R.StuartHaszeldine,StephanieFlude,Gareth JohnsonandVivianScott
SchoolofGeoSciences,UniversityofEdinburgh,Edinburgh,EH93FE, UK RSH,0000-0002-7015-8394

How will the global atmosphere and climate be protected? Achieving net-zero CO2 emissions will require carbon capture and storage (CCS) to reduce current GHG emission rates, and negative emissions technology (NET) to recapture previously emitted greenhouse gases. Delivering NET requires radical cost and regulatory innovation to impact on climate mitigation. Present NET exemplars are few, are at small-scale and not deployable within a decade, with the exception of rock weathering, or direct injection of CO2 into selected ocean water masses. To keep warming less than 2°C, bioenergy with CCS (BECCS) has been modelled but does not yet exist at industrial scale. CCS already exists in many forms and at low cost. However, CCS has no political drivers to enforce its deployment. We make a new analysis of all global CCS projects and model the build rate out to 2050, deducing this is 100 times too slow. Our projection to 2050 captures just 700 Mt CO2 yr−1, not the minimum 6000 Mt CO2 yr−1 required to meet the 2°C target. Hence new policies are needed to incentivize commercial CCS. A first urgent action for all countries is to commercially assess their CO2 storage. A second simple action is to assign a Certificate of CO2 Storage onto producers of fossil carbon, mandating a progressively increasing proportionofCO2 tobestored.NoCCSmeansno2°C.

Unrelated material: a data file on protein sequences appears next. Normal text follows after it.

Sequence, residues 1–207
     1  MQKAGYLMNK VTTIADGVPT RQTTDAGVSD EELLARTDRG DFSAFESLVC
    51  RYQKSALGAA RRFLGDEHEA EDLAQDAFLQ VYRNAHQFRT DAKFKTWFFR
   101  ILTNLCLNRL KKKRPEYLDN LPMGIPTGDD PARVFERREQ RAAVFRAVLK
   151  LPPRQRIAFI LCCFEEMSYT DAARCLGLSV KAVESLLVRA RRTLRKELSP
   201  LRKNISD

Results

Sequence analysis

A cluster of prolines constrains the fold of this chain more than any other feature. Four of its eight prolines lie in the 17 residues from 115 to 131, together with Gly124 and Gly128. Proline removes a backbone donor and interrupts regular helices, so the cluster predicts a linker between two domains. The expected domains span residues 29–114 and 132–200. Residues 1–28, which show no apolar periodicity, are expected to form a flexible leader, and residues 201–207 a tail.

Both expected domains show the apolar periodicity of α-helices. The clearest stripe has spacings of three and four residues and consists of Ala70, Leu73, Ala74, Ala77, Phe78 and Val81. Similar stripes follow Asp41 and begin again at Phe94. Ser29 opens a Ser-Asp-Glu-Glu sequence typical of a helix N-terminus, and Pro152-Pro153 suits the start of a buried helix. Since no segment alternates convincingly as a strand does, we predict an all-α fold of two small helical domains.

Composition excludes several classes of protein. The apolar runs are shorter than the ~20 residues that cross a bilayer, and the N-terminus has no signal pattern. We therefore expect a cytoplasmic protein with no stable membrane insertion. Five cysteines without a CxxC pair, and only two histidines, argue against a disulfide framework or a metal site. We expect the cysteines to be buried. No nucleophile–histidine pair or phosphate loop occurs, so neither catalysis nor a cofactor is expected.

I think that the conclusions are pessimistic given that renewables are rapidly replacing fossil fuels, so CCS won't be needed for existing fossil fuel infrastructure.  However, the best IPCC scenario, RCP 2.6, requires the deployment of NET to reduce carbon concentrations in the atmosphere.

One of the promising NETs available today is biomass burning with CCS.  Production of biochar with CCS is also a promising NET that could provide for soil restoration (helping improve that carbon sink) as well as biofuels for industrial feedstocks and aviation.  While those last two aren't negative emissions, they're at least carbon neutral and will allow us to completely transition off of fossil fuels.